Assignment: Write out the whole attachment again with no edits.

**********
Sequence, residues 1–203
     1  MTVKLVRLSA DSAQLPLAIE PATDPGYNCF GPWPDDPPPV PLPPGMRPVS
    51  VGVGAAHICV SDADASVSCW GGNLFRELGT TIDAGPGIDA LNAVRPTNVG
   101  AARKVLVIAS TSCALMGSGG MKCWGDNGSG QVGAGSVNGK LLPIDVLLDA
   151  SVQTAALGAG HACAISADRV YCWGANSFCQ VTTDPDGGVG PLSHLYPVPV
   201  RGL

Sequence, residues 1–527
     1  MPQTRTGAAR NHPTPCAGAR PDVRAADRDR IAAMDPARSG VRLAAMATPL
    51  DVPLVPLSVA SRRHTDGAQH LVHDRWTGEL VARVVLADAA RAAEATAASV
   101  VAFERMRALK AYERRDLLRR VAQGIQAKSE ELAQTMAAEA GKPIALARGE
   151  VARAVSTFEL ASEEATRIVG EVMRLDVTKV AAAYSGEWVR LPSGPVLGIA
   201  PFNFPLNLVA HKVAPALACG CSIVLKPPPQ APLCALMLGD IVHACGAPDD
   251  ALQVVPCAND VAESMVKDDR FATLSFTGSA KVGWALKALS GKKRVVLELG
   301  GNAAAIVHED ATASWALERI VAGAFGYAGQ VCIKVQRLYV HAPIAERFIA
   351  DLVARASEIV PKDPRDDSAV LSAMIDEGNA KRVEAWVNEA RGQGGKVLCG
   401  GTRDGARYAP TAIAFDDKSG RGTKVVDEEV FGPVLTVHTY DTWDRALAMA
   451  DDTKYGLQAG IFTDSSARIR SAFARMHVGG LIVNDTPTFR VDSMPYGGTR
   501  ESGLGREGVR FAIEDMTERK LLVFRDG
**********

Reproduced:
Sequence, residues 1–203
     1  MTVKLVRLSA DSAQLPLAIE PATDPGYNCF GPWPDDPPPV PLPPGMRPVS
    51  VGVGAAHICV SDADASVSCW GGNLFRELGT TIDAGPGIDA LNAVRPTNVG
   101  AARKVLVIAS TSCALMGSGG MKCWGDNGSG QVGAGSVNGK LLPIDVLLDA
   151  SVQTAALGAG HACAISADRV YCWGANSFCQ VTTDPDGGVG PLSHLYPVPV
   201  RGL

Sequence, residues 1–527
     1  MPQTRTGAAR NHPTPCAGAR PDVRAADRDR IAAMDPARSG VRLAAMATPL
    51  DVPLVPLSVA SRRHTDGAQH LVHDRWTGEL VARVVLADAA RAAEATAASV
   101  VAFERMRALK AYERRDLLRR VAQGIQAKSE ELAQTMAAEA GKPIALARGE
   151  VARAVSTFEL ASEEATRIVG EVMRLDVTKV AAAYSGEWVR LPSGPVLGIA
   201  PFNFPLNLVA HKVAPALACG CSIVLKPPPQ APLCALMLGD IVHACGAPDD
   251  ALQVVPCAND VAESMVKDDR FATLSFTGSA KVGWALKALS GKKRVVLELG
   301  GNAAAIVHED ATASWALERI VAGAFGYAGQ VCIKVQRLYV HAPIAERFIA
   351  DLVARASEIV PKDPRDDSAV LSAMIDEGNA KRVEAWVNEA RGQGGKVLCG
   401  GTRDGARYAP TAIAFDDKSG RGTKVVDEEV FGPVLTVHTY DTWDRALAMA
   451  DDTKYGLQAG IFTDSSARIR SAFARMHVGG LIVNDTPTFR VDSMPYGGTR
   501  ESGLGREGVR FAIEDMTERK LLVFRDG